Nichols's Royal Pro gresses.

lished in 1691, contains a valuable collection of biographical materials with respect to eminent churchmen or authors educated at Oxford; the arrangement, however, is often slovenly, and the compiler is by no means free from prejudice.

Few works are more deserving of careful perusal on the part of those who are desirous of acquiring a genuine knowledge of the Elizabethan age than NICHOLS'S Progresses of Queen Elizabeth, a collection in which the customs, manners, learning, and etiquette of the times each in turn receive a large amount of curious and often entertaining illustration.

Irish History.-For Irish history at this period, the third and fourth volumes of BREWER'S Calendar of Letters and Papers of the Reign of Henry VIII. (supra, p. 312) afford guidance to much original material in the earlier part of the century. For the condition of the country at the latter part, prior to the subjugation of the Earl of Tyrone, the tractate of Edmund Spenser, the poet, is perhaps the least partial piece of contemporary evidence. Among modern writers, Hallam gives a clear and succinct sketch of the constitution of Ireland in the eighteenth chapter of his Constitutional History; Mr. A. G. Richey's two series of Lectures on Early Irish History (1869 and 1870) are of much value; and Mr. Lecky, in his History of England in the Eighteenth Century (vol. ii. c. 6), gives an able sketch of 'Ireland before the Eighteenth Century,' together with references to the best authorities.

Scottish History.-For Scottish history, as viewed by native contemporary writers, the Latin work of George Buchanan, which commences with the earliest times and concludes with the accession of James VI. (1567), is by far the most important. Of this, a translation was published at Edinburgh in 1821, in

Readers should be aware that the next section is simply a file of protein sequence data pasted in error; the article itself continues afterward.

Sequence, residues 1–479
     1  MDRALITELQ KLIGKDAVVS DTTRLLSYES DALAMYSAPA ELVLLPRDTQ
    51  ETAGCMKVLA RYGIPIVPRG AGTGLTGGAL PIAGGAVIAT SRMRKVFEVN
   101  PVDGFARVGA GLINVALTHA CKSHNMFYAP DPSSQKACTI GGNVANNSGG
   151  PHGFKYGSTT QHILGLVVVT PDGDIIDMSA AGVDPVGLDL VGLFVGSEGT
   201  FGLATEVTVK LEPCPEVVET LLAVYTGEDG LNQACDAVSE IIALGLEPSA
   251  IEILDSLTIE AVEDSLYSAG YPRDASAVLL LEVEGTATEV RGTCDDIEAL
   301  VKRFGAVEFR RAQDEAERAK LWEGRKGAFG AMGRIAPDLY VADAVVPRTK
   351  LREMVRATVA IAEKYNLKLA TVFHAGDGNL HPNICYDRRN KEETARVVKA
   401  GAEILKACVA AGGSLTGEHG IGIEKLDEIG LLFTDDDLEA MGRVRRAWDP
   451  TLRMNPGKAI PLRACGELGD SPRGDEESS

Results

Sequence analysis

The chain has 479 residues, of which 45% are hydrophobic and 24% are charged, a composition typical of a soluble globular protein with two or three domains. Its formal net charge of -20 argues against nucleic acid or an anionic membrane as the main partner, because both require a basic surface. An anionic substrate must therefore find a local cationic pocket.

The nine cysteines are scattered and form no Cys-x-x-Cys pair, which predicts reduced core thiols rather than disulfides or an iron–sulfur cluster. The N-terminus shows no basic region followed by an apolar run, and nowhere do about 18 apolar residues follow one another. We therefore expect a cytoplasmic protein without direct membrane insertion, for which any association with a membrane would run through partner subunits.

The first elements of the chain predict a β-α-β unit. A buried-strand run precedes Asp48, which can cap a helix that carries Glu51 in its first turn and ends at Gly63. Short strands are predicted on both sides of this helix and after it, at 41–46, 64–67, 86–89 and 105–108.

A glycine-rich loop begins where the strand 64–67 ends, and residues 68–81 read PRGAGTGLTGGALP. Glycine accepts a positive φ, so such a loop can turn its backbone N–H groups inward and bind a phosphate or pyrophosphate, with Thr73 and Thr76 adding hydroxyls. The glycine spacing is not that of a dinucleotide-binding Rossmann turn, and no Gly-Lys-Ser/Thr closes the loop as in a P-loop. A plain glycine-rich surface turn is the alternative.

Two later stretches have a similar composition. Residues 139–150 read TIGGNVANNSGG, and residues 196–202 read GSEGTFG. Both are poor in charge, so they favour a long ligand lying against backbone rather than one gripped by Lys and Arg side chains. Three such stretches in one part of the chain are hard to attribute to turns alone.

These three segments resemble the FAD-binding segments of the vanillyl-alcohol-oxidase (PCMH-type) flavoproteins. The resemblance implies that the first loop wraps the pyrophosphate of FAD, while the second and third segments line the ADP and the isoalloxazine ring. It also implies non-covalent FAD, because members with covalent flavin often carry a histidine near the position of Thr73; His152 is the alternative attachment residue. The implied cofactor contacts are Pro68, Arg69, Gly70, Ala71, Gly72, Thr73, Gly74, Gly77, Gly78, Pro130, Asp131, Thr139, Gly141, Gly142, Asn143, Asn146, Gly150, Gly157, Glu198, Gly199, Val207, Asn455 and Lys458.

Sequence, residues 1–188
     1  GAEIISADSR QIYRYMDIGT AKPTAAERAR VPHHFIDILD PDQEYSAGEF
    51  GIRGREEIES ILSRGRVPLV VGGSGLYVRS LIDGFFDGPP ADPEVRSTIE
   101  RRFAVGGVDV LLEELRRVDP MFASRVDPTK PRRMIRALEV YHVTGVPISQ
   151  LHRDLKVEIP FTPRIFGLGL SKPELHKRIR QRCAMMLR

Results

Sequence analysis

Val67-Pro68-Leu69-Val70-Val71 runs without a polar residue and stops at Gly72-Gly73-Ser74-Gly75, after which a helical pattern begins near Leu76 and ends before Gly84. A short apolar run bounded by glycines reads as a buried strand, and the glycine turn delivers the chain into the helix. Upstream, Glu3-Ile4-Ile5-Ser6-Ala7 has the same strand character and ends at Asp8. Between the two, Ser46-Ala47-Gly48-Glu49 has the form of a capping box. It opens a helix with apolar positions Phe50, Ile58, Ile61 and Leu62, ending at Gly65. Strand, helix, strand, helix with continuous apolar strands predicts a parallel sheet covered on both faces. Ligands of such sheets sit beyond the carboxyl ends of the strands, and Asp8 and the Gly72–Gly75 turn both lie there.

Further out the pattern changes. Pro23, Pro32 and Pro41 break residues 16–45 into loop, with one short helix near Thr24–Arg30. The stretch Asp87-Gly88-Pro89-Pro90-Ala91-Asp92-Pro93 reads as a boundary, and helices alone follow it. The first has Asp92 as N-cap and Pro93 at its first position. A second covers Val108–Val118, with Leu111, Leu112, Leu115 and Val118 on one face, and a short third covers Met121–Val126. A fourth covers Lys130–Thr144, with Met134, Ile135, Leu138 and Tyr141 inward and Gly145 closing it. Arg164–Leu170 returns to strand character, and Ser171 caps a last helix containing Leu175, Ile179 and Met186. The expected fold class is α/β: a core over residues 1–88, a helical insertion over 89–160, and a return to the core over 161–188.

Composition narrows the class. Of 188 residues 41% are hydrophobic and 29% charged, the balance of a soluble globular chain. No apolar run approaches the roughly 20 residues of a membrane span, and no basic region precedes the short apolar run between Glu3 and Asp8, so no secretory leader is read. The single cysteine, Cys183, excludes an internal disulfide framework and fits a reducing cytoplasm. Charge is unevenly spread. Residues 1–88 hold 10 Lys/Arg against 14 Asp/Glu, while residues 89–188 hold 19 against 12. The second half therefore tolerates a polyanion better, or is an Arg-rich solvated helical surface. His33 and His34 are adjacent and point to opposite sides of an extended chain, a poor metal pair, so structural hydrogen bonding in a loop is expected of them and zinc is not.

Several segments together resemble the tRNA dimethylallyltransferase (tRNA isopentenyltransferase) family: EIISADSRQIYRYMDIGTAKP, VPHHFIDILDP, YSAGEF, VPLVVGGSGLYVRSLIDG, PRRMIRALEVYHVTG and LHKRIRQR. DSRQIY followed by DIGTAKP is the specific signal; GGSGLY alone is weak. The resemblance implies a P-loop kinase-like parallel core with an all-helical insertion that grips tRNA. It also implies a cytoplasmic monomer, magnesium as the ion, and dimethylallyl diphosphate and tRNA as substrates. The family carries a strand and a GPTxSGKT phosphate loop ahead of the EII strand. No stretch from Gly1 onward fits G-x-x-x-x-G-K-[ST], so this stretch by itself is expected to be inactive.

1 An improved edition appeared at Oxford in 1815-18, edited by Dr. Bliss. 3 vols.

3 The Progresses and Public Processions of Queen Elizabeth. Among which are interspersed other Solemnities, Public Expenditures, and Remarkable Events, &c. By John Nichols. 3 vcls. 1823.

three volumes. The Annals of Scotland, by George Majoribanks (Edin. 1814) is a meagre record, by a burgess of Edinburgh, extending from 1514 to 1591, but filling only sixty-two pages. Two volumes of Calendars of State Papers, edited by Mr. M. J. Thorpe (R. S. 1858), comprise the period ̄15091603; the second volume contains the State Papers relating to Mary, queen of Scots, during her detention in England.

Modern Writers.-The well-known work of MR. FROUDE abounds with graphic descriptions, accompanied by much admirable and just criticism. In its composition he was largely aided by his researches among the archives at Simancas, collections which at that time had been very imperfectly investigated. Unfortunately, the conception he has formed of the character and conduct of Henry VIII. is of so strained and unreal a kind as to deprive this portion of his History of much of its value. The reign of Edward VI. is described with more impartiality, but the policy of Somerset is somewhat harshly judged, and the student will do well to compare this portion of the work with the more sober narrative of Lingard or Tytler. The volumes that relate to the reign of Elizabeth are the most valuable part of the work, and the treatment of successive questions is often vigorous and original; accuracy of detail, however, cannot be said to be a distinguishing characteristic of this writer, and his omissions are often serious. The student also fails to find that criticism, for which he would naturally look, of contemporary writers.